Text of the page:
Driving Forces of Plate Motions

Does mantle convection drive plate tectonics? 

After the discovery of radioactivity by Marie Curie and Henri Becquerel in 1896 it became clear that the Earth's interior would be heated by radioactive decay in the mantle and crust.  Rock is a poor conductor of heat.  If there were not some other mechanism to cool the interior the Earth's interior would be largely molten.  Yet the growing seismic data from around the turn of the and first two decades of the 20th century showed that the crust and mantle were solid.  Holmes proposed that the interior was cooled by convection of the solid, ductile mantle.  By 1928 Holmes used mantle convection as a mechanism to produce continental drift as discussed by Wegener and DuToit.  But the concept of a convecting solid mantle wasn't very palatable to the scientific mainstream of the time.

In the 1960s with the plate tectonics revolution, an early hypothesis for a driving force for seafloor spreading was back to mantle convection.  In fact, convection almost certainly does occur in the mantle.  Seismic tomography of the mantle shows areas of lower seismic velocities - lower density (hotter) mantle rock which presumably are rising and other areas of higher seismic velocity - higher density (not as hot) rock which should be sinking.  But some plates are very wide, thousands of kilometers from the ridge to the trench, and it doesn't seem plausible to have a convection cell that is very wide (thousands of kilometers) in comparison to its depth (less than 670 km).  Seismic tomography shows that rising mantle material beneath ridges only extends down 200 to 400 km.  Moreover, interpretation of geoid anomalies, based on variation in gravity produced by upwelling and downwelling regions, indicates that there are multiple convection cells beneath the Pacific plate.  The combined effect would not be one that would drive the motion of the plate - some cells would help, some would hinder.  Additionally, the asthenosphere is weak enough that relatively little force would be applied to the base of the oceanic lithosphere by convecting mantle.

So, if not convection, then what?

The most important forces:  gravity = "ridge push" and "slab pull"  (Forsyth and Uyeda, 1975)

"ridge push"  The lithosphere thickens with distance (and time) away from the midocean ridge.  This is because it cools as it moves away from the ridge and the boundary between the solid lithosphere and slightly molten asthenosphere becomes deeper - the boundary between the lithosphere and asthenosphere is essentially a temperature boundary.  The result of this thickenning with distance from the ridge is that the lithosphere/asthenosphere boundary slopes away from the ridge.  The weight of the lithosphere on this sloping surface produces a downslope force.  And since the asthenosphere is weak, the weight of the lithosphere near the ridge sliding down the "slippery slope" of the asthenosphere "pushes" the older part of the plate in front of it.  Note that as the lithosphere slides down away from the ridge, tensional forces and normal fault earthquakes occur at the ridge axis where two plates are sliding (pulling) apart.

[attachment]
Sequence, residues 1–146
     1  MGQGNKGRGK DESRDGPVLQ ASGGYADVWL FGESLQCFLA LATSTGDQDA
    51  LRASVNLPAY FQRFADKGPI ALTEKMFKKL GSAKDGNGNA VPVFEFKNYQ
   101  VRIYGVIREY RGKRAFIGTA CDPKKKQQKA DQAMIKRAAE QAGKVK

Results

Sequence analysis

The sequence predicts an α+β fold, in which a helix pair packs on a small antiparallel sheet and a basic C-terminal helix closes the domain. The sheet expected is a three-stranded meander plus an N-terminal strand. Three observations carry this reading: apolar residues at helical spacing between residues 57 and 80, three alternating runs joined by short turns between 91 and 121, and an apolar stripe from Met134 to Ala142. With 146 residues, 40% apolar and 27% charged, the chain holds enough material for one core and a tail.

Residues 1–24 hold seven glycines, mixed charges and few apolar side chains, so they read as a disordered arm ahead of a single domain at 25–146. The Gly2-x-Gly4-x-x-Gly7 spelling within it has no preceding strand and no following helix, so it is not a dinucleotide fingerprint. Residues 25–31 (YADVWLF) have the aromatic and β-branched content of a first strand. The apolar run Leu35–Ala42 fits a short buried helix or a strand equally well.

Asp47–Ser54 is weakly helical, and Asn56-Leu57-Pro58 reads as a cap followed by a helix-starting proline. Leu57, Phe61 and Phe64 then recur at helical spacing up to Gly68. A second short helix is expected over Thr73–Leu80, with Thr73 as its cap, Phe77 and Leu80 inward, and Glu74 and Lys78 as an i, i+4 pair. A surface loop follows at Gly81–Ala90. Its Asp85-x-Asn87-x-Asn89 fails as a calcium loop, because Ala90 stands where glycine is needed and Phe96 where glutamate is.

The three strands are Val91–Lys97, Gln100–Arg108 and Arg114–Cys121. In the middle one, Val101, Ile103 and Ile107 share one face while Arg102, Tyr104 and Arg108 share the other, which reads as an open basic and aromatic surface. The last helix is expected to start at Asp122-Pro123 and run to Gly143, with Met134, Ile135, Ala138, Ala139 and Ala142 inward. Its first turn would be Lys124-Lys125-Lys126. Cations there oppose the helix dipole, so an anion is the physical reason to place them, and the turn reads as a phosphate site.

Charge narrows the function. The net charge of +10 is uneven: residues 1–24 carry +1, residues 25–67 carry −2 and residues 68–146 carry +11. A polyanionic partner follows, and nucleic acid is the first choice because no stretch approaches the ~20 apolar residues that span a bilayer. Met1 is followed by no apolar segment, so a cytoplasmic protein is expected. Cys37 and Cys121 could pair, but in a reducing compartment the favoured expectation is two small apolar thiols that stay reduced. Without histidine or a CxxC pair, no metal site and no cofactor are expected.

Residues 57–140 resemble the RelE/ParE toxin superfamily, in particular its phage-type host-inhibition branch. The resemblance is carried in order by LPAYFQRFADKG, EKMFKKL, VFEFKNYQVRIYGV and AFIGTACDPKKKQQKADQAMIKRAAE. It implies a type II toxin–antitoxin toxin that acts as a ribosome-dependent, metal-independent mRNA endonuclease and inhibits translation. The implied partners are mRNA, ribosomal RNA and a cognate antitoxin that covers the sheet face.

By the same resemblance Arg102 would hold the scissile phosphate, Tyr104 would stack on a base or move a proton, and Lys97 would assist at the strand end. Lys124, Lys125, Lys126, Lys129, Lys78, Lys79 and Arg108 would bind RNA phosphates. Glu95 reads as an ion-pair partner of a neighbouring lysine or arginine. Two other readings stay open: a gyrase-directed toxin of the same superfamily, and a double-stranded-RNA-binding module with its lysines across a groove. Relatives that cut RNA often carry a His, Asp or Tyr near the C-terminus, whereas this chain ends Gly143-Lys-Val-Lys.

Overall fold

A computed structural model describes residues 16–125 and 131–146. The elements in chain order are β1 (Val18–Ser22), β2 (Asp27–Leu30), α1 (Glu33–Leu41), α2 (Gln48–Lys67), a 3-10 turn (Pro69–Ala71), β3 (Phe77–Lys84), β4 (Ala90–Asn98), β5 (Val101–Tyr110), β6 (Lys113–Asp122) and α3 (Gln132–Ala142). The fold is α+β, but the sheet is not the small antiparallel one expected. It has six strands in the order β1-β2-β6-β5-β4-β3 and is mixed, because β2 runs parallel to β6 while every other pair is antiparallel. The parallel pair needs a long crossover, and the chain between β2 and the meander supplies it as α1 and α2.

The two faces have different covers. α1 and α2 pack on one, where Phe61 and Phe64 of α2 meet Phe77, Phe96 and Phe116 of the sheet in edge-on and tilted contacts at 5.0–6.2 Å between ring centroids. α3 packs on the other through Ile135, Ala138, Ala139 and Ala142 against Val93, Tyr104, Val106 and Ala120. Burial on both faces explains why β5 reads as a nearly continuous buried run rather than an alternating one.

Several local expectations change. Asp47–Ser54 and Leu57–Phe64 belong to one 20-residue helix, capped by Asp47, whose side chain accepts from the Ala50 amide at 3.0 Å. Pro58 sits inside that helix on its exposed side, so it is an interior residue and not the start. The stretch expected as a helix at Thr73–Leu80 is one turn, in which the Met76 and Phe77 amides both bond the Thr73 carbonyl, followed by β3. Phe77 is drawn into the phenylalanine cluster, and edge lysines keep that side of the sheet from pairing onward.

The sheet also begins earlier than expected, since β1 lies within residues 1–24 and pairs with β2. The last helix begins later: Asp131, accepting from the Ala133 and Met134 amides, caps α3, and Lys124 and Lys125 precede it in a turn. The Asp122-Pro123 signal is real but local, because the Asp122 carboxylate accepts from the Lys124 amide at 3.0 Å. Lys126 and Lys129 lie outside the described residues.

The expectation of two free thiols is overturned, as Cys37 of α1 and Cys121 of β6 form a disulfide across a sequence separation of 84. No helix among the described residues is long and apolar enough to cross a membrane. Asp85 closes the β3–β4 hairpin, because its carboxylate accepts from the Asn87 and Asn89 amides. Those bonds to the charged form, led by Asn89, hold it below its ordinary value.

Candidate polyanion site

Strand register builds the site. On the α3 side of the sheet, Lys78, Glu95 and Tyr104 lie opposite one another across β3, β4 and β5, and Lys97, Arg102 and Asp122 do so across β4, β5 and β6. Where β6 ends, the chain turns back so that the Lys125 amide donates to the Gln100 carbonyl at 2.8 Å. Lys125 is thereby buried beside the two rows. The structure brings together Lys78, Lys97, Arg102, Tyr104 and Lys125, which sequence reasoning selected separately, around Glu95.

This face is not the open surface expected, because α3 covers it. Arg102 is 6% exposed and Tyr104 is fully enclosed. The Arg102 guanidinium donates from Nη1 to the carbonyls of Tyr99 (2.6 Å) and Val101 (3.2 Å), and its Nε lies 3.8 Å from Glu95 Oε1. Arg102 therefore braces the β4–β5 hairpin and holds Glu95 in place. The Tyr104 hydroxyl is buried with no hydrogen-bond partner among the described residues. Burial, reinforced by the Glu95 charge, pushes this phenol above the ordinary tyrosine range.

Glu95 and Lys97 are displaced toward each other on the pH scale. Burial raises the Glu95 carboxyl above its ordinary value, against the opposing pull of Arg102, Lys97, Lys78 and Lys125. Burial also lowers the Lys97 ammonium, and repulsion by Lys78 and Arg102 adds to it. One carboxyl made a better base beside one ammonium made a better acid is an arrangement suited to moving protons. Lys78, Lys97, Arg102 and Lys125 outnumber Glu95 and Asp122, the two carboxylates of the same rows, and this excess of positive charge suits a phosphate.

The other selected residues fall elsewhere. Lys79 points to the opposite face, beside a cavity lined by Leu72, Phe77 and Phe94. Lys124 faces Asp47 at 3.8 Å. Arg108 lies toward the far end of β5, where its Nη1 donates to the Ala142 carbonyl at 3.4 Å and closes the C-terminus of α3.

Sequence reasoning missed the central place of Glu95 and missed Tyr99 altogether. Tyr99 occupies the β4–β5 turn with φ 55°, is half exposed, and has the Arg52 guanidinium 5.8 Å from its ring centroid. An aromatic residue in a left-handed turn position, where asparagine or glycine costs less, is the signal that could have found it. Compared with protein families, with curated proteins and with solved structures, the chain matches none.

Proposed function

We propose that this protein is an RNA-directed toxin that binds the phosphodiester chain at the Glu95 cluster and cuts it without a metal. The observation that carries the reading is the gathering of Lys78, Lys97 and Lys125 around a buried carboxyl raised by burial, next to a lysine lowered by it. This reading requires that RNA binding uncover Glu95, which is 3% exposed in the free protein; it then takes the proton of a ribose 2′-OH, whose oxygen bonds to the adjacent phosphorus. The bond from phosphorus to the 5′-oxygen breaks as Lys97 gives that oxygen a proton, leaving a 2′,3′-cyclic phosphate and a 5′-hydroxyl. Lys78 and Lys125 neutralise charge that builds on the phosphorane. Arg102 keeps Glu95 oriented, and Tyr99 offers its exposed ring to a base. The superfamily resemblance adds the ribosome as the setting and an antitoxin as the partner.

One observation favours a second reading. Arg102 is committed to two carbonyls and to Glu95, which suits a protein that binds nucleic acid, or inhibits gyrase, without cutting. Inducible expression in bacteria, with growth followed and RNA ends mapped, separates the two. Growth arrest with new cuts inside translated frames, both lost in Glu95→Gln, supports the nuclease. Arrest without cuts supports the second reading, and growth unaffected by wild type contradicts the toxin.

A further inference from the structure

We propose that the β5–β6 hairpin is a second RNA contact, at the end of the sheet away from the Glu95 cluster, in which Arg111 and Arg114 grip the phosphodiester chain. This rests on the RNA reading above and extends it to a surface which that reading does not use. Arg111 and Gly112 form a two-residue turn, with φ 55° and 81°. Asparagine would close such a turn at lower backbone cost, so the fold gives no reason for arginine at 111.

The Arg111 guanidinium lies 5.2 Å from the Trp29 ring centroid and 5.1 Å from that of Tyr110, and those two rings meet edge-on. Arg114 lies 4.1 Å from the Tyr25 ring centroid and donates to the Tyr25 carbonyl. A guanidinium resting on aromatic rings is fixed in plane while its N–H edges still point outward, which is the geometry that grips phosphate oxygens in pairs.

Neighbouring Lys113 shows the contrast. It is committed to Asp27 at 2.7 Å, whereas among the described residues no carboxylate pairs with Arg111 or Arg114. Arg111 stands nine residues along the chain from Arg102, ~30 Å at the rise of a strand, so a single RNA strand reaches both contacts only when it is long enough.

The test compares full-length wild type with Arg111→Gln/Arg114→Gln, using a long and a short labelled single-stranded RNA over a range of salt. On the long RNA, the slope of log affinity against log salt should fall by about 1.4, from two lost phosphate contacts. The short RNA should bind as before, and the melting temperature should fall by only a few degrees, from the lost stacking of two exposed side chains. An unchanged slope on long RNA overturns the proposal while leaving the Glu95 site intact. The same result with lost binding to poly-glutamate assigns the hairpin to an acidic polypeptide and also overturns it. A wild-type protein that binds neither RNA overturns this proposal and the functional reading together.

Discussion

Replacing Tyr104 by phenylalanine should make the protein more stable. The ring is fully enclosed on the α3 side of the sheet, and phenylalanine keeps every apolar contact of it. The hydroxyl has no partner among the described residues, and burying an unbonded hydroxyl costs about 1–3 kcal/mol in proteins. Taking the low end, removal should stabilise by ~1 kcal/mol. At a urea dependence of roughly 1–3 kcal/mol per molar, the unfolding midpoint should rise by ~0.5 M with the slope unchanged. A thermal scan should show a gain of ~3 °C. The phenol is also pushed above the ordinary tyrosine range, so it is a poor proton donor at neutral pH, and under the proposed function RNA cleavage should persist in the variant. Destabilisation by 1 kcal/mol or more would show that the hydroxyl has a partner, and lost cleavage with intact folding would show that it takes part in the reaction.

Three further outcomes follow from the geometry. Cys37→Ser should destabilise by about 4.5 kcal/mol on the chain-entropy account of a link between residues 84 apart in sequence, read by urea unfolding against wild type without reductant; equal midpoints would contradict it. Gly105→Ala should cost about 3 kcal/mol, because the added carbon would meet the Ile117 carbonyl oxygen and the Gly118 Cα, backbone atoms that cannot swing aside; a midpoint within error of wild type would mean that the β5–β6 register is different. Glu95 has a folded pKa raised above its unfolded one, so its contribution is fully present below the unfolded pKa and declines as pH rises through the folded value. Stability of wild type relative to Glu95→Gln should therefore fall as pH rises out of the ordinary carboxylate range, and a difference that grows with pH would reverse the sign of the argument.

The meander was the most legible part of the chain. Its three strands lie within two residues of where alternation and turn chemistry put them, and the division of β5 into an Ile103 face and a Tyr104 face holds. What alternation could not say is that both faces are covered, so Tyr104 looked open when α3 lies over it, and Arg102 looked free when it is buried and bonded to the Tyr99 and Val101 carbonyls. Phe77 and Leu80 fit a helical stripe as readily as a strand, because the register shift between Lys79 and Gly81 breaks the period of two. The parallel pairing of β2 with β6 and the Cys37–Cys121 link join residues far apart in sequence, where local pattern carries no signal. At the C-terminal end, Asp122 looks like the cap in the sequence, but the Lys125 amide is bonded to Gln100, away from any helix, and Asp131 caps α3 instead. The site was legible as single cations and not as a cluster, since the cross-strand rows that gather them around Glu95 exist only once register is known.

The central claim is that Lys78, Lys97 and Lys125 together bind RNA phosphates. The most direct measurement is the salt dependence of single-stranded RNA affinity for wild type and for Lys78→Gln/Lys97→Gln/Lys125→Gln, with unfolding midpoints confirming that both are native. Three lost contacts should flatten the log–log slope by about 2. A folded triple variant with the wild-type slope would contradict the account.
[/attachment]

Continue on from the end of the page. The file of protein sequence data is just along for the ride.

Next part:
"slab pull"  As lithospheric plates move away from midocean ridges they cool and become denser.  They eventually become more dense than the underlying hot mantle.  After subducted, cool, dense lithosphere sinks into the mantle under its own weight.  This helps to pull the rest of the plate down with it.

resisting forces  The main effect of the underlying mantle is to produce a shearing or frictional force resisting the motion of lithospheric plates. And for newly subducting slabs, the resisting force of the mantle as the slab tries to force its way through is stronger than the shearing on the top and bottom of the descending slab. Friction between the converging plates and also the force required to bend a plate resist the movement of the plate at subduction zones.

It seems likely that gravity drives the plates and the motions of the plates help to stir the mantle, rather than the convection of the mantle driving the plates.

However, mantle flow may be important locally with respect to the motion of continents with deep keels (thickened lithosphere, especially in old orogenic belts), but not for oceanic lithosphere.